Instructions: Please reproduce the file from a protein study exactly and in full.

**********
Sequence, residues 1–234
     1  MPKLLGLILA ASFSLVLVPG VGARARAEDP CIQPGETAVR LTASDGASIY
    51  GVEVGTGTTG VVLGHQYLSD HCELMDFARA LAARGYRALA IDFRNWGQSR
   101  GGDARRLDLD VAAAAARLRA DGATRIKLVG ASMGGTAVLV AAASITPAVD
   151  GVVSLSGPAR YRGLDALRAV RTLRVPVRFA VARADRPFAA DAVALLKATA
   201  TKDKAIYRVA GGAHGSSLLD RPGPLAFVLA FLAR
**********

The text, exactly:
Sequence, residues 1–234
     1  MPKLLGLILA ASFSLVLVPG VGARARAEDP CIQPGETAVR LTASDGASIY
    51  GVEVGTGTTG VVLGHQYLSD HCELMDFARA LAARGYRALA IDFRNWGQSR
   101  GGDARRLDLD VAAAAARLRA DGATRIKLVG ASMGGTAVLV AAASITPAVD
   151  GVVSLSGPAR YRGLDALRAV RTLRVPVRFA VARADRPFAA DAVALLKATA
   201  TKDKAIYRVA GGAHGSSLLD RPGPLAFVLA FLAR